‘We’d like to see more of this information made public,’ said Elder, referring to both the price calculations as well as the development of global vaccine policy.”

Latest Developments, May 2

In the latest news and analysis…

Subsidiary immunity
The Associated Press reports that a Canadian judge has dismissed an attempt by Ecuadorian plaintiffs to have a $19 billion judgment enforced against US oil giant Chevron:

“Justice David Brown ruled Wednesday that the Canadian courts have no jurisdiction to enforce the controversial award handed down by an Ecuadorian court against Chevron.
The award to the villagers was made in Ecuador for black sludge contamination of a rainforest between 1972 and 1990 by Texaco, which Chevron Corp. bought in 2001.

Brown concluded the judgment was levied against Chevron Corp., and not Chevron Canada, therefore the subsidiary’s assets do not belong to the U.S. parent company

Alan Lenczner, the Toronto lawyer for the Ecuadorians, said they would appeal.
‘It cannot be right that a multinational company that operates entirely through subsidiaries is immune from the enforcement of a judgment in Canada, particularly where the subsidiary is 100% owned,’ Lenczner said in a statement.”

Unwanted aid
Al Jazeera reports that Bolivia has expelled the US Agency for International Development over “alleged political interference”:

“ ‘Never again, never again USAID, who manipulate and use our leaders, our colleagues with hand-outs,’ [Bolivian president Evo] Morales said in announcing the expulsion.

In an interview with Al Jazeera, Philip Brenner, an international relations professor at the American University in Washington DC, said USAID became a target after its suspected role in encouraging secession in Santa Cruz, ‘a very wealthy part’ of Bolivia.”

Timber laundering
Global Witness reports that “shadow permits” are keeping the illicit logging trade flowing from Africa to the EU which imported up to to €12.4 billion worth of illegal timber in 2011:

Meanwhile, the EU has been developing Voluntary Partnership Agreements (VPAs) with timber-exporting countries, which involve comprehensive forest governance reforms aimed at stamping out the illegal trade. Neither the EU Timber Regulation nor the VPAs take account of the widespread use of shadow permits, however. This means they could end up laundering the type of wood products they were designed to exclude.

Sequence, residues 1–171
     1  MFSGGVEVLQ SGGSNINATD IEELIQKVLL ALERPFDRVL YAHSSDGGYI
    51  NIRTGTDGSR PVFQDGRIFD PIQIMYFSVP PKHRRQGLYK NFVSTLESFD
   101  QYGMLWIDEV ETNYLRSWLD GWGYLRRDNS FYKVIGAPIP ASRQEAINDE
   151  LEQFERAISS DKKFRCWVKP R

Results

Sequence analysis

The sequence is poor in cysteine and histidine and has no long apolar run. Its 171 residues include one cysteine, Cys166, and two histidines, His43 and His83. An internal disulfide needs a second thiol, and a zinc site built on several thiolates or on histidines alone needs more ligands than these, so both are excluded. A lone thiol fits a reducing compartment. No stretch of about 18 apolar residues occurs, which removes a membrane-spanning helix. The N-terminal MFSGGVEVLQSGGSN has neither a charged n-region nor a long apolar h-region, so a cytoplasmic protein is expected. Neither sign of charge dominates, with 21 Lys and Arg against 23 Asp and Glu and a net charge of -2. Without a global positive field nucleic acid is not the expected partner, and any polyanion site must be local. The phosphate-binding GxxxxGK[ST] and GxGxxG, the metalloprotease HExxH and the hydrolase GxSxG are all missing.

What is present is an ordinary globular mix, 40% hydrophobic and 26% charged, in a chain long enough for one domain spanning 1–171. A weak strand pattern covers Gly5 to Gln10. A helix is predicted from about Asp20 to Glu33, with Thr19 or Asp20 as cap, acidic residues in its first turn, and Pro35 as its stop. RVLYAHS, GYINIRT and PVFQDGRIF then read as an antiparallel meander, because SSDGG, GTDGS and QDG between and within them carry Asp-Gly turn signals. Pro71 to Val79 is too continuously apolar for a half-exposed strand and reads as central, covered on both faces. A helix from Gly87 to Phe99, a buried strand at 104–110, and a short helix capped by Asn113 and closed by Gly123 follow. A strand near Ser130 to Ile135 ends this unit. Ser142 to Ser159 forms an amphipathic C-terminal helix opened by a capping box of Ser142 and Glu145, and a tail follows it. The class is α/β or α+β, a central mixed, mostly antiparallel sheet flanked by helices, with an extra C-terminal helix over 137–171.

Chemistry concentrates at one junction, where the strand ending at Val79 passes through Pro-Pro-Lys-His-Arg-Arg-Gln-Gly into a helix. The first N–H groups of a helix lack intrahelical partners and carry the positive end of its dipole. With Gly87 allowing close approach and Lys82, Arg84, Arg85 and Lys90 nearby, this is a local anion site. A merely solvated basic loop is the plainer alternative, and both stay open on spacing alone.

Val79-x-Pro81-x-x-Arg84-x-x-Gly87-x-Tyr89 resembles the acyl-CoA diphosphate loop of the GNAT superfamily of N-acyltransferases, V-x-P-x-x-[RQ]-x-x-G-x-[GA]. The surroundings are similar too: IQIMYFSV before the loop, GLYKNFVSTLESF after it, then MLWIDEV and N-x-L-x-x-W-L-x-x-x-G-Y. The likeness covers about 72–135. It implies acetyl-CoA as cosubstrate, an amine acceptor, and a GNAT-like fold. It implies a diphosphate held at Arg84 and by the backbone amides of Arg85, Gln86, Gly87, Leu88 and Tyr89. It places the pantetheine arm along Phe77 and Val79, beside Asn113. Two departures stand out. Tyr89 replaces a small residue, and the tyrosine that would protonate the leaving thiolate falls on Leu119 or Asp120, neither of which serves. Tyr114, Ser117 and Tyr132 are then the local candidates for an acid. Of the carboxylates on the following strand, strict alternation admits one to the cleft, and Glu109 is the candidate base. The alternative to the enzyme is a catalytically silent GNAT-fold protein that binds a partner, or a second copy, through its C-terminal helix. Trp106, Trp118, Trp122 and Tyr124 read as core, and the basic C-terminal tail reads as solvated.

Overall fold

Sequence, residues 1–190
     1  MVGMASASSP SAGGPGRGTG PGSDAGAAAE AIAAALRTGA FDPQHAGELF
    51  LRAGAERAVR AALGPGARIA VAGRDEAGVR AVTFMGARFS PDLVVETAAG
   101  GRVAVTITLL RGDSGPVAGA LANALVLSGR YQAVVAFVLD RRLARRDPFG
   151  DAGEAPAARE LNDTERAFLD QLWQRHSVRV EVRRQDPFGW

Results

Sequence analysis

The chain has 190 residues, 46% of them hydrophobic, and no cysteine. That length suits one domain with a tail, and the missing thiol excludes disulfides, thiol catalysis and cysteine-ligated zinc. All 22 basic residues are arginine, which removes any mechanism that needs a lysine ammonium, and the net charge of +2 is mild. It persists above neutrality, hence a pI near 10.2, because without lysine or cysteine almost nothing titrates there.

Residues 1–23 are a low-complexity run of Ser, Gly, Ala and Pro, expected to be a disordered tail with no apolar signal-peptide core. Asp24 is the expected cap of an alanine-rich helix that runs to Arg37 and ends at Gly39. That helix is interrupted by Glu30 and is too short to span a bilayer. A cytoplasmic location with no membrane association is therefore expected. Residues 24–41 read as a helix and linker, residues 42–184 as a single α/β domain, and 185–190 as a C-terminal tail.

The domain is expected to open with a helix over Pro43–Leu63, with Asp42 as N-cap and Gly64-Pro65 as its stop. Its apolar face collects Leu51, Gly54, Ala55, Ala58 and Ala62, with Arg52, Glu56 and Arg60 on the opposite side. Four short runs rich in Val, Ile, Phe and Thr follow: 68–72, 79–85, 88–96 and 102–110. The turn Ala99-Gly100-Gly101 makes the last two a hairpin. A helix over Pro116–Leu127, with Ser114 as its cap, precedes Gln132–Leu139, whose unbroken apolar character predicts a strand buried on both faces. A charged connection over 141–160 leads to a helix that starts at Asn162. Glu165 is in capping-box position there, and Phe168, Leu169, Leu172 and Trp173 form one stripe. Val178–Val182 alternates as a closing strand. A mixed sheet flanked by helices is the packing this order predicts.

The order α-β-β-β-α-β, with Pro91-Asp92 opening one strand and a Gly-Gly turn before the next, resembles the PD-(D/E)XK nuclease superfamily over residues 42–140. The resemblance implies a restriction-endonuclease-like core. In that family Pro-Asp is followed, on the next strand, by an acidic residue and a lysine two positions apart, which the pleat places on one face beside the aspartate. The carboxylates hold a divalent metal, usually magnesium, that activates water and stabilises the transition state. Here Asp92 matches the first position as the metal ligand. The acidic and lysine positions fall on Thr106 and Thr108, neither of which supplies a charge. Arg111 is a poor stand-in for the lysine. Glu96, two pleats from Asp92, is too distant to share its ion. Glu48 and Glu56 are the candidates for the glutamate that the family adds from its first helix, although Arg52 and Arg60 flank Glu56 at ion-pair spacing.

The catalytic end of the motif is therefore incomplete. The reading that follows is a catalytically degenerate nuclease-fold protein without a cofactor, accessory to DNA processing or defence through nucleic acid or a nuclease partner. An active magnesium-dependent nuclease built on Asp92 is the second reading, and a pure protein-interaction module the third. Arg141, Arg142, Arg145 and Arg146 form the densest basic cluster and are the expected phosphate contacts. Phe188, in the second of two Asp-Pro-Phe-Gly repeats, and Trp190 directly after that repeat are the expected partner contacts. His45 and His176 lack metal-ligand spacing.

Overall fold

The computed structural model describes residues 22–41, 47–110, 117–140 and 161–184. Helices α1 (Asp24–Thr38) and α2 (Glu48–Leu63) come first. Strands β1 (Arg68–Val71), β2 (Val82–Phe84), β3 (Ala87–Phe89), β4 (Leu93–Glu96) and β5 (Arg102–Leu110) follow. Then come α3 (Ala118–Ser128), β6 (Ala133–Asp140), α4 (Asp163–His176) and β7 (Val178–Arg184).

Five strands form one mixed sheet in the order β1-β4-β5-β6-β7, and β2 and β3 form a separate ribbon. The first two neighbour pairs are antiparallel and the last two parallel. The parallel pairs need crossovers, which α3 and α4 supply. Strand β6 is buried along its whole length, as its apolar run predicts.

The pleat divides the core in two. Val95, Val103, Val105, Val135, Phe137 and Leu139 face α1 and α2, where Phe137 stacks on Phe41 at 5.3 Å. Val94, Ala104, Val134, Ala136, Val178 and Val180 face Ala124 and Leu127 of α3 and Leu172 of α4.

‘Unless European and African policy-makers take urgent action, shadow permits could become the Trojan horse by which illegal timber is brought into the EU and passed off as legitimate. Timber importers must do proper checks right the way along their supply chains to make sure they know exactly where their timber came from and whether the permit used to get it was legal,’ said [Global Witness’s Alexandra] Pardal.

Illegal resource extraction
Reuters reports that nearly all of Liberia’s resource deals since 2009 have violated national laws:

“Liberian law sets rules for foreign investment projects including on competitive tendering, tax rates and equity stakes to be held by the government.
While some failures to comply with the law are relatively minor, the Moore Stephens draft shows the government granted vast swathes of land to firms including Golden Agri’s Golden Veroleum and Sime Darby without competitive bidding, and otherwise skipped contract steps meant to ensure a fair deal for Liberians.
Other companies with contracts found to be flawed include U.S. oil firm Chevron Petroleum and mining giant BHP, according to the report, which also accused Liberian authorities of having tried to stonewall the audit process since late last year by failing to hand over information promptly.”

No more executions
The Associated Press reports that Maryland has become the 18th US state and the first south of the Mason-Dixon line to abolish the death penalty: